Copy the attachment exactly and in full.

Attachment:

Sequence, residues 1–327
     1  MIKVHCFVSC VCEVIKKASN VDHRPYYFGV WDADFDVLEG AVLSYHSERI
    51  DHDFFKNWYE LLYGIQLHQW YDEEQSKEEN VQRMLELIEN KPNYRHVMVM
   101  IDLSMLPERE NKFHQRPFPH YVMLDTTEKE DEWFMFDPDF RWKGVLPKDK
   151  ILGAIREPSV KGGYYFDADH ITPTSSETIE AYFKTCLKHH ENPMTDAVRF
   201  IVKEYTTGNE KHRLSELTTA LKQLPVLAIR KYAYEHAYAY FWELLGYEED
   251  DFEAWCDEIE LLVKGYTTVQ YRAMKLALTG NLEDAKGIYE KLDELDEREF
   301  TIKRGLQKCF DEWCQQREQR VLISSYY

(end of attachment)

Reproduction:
Sequence, residues 1–327
     1  MIKVHCFVSC VCEVIKKASN VDHRPYYFGV WDADFDVLEG AVLSYHSERI
    51  DHDFFKNWYE LLYGIQLHQW YDEEQSKEEN VQRMLELIEN KPNYRHVMVM
   101  IDLSMLPERE NKFHQRPFPH YVMLDTTEKE DEWFMFDPDF RWKGVLPKDK
   151  ILGAIREPSV KGGYYFDADH ITPTSSETIE AYFKTCLKHH ENPMTDAVRF
   201  IVKEYTTGNE KHRLSELTTA LKQLPVLAIR KYAYEHAYAY FWELLGYEED
   251  DFEAWCDEIE LLVKGYTTVQ YRAMKLALTG NLEDAKGIYE KLDELDEREF
   301  TIKRGLQKCF DEWCQQREQR VLISSYY